A new mechanism for atmospheric mercury redox chemistry: Implications for the global mercury budget

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Horowitz, Hannah M. ; Jacob, Daniel J. ; Zhang, Yanxu ; Dibble, Theodore S. ; Slemr, Franz ; Amos, Helen M. ; Schmidt, Johan A. ; Corbitt, Elizabeth S. ; Marais, Eloïse A. ; Sunderland, Elsie M. (2017)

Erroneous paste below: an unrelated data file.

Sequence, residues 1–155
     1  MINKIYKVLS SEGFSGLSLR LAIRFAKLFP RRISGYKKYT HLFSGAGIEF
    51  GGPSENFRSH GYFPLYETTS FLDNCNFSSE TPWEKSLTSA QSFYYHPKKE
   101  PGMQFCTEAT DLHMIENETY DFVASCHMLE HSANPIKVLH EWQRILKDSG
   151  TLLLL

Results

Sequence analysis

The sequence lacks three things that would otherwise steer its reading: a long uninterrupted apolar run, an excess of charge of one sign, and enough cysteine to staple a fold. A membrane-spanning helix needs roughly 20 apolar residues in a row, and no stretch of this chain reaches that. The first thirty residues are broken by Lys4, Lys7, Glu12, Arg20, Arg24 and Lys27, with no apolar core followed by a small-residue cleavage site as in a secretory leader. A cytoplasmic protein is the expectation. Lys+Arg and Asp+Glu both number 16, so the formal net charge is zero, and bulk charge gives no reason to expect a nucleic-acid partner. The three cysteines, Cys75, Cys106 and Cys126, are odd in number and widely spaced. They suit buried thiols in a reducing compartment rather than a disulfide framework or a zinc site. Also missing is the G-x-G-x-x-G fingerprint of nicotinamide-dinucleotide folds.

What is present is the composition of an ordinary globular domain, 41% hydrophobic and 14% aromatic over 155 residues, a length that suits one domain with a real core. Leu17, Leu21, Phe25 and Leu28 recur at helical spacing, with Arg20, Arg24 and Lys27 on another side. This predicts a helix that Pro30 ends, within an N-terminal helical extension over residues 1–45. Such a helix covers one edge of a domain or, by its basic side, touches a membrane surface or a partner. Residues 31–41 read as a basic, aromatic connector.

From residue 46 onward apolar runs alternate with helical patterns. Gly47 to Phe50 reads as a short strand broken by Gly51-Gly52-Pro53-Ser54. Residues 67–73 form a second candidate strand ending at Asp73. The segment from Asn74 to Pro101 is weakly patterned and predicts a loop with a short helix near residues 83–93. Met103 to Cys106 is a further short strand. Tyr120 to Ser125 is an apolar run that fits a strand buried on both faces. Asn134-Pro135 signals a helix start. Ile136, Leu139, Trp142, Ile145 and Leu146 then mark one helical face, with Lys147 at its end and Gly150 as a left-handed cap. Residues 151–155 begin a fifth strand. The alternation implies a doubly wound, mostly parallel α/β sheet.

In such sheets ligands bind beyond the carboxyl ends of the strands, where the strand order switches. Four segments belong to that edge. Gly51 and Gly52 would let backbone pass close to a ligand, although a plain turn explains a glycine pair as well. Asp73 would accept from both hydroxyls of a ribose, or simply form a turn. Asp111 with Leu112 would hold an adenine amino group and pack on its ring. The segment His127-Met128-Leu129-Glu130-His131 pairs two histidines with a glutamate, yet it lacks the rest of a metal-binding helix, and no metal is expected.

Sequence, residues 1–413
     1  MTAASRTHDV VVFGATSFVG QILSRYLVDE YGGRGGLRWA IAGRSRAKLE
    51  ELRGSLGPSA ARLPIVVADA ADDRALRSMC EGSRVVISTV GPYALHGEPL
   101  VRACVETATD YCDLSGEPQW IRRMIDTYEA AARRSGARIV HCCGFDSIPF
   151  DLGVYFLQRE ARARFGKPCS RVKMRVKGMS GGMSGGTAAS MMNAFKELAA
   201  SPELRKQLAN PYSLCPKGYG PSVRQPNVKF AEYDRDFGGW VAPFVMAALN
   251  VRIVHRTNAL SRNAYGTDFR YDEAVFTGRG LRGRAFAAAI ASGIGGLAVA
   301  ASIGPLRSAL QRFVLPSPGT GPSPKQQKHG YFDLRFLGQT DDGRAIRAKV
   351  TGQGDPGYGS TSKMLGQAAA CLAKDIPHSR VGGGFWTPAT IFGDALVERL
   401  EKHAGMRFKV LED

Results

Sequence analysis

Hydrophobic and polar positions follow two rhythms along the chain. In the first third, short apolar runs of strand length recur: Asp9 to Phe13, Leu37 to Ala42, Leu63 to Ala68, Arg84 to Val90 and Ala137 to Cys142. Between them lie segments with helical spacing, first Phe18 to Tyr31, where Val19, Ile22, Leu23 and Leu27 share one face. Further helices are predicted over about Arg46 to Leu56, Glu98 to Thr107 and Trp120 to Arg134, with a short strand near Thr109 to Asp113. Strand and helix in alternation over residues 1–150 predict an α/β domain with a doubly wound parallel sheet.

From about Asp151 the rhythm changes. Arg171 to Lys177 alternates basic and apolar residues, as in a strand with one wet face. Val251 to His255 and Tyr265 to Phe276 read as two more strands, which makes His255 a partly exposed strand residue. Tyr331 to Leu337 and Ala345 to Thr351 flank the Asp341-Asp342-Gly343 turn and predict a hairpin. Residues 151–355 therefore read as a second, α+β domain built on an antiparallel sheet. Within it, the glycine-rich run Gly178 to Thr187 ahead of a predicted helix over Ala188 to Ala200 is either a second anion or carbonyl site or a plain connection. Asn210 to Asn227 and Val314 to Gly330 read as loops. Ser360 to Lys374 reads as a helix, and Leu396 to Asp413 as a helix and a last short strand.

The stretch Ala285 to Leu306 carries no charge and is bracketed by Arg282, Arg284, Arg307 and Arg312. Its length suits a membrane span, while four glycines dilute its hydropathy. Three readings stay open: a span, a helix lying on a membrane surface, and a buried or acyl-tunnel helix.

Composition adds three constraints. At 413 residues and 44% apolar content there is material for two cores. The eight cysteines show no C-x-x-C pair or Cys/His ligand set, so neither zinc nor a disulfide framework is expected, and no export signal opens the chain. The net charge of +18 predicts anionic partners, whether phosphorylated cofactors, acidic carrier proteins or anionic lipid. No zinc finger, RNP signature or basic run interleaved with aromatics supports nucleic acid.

Mercury (Hg) is emitted to the atmosphere mainly as volatile elemental Hg<sup>0</sup>. Oxidation to water-soluble Hg<sup>II</sup> plays a major role in Hg deposition to ecosystems. Here, we implement a new mechanism for atmospheric Hg<sup>0</sup> ∕ Hg<sup>II</sup> redox chemistry in the GEOS-Chem global model and examine the implications for the global atmospheric Hg budget and deposition patterns. Our simulation includes a new coupling of GEOS-Chem to an ocean general circulation model (MITgcm), enabling a global 3-D representation of atmosphere–ocean Hg<sup>0</sup> ∕ Hg<sup>II</sup> cycling. We find that atomic bromine (Br) of marine organobromine origin is the main atmospheric Hg<sup>0</sup> oxidant and that second-stage HgBr oxidation is mainly by the NO<sub>2</sub> and HO<sub>2</sub> radicals. The resulting chemical lifetime of tropospheric Hg<sup>0</sup> against oxidation is 2.7 months, shorter than in previous models. Fast Hg<sup>II</sup> atmospheric reduction must occur in order to match the  ∼  6-month lifetime of Hg against deposition implied by the observed atmospheric variability of total gaseous mercury (TGM  ≡  Hg<sup>0</sup> + Hg<sup>II</sup>(g)). We implement this reduction in GEOS-Chem as photolysis of aqueous-phase Hg<sup>II</sup>–organic complexes in aerosols and clouds, resulting in a TGM lifetime of 5.2 months against deposition and matching both mean observed TGM and its variability. Model sensitivity analysis shows that the interhemispheric gradient of TGM, previously used to infer a longer Hg lifetime against deposition, is misleading because Southern Hemisphere Hg mainly originates from oceanic emissions rather than transport from the Northern Hemisphere. The model reproduces the observed seasonal TGM variation at northern midlatitudes (maximum in February, minimum in September) driven by chemistry and oceanic evasion, but it does not reproduce the lack of seasonality observed at southern hemispheric marine sites. Aircraft observations in the lowermost stratosphere show a strong TGM–ozone relationship indicative of fast Hg<sup>0</sup> oxidation, but we show that this relationship provides only a weak test of Hg chemistry because it is also influenced by mixing. The model reproduces observed Hg wet deposition fluxes over North America, Europe, and China with little bias (0–30 %). It reproduces qualitatively the observed maximum in US deposition around the Gulf of Mexico, reflecting a combination of deep convection and availability of NO<sub>2</sub> and HO<sub>2</sub> radicals for second-stage HgBr oxidation. However, the magnitude of this maximum is underestimated. The relatively low observed Hg wet deposition over rural China is attributed to fast Hg<sup>II</sup> reduction in the presence of high organic aerosol concentrations. We find that 80 % of Hg<sup>II</sup> deposition is to the global oceans, reflecting the marine origin of Br and low concentrations of organic aerosols for Hg<sup>II</sup> reduction. Most of that deposition takes place to the tropical oceans due to the availability of HO<sub>2</sub> and NO<sub>2</sub> for second-stage HgBr oxidation.
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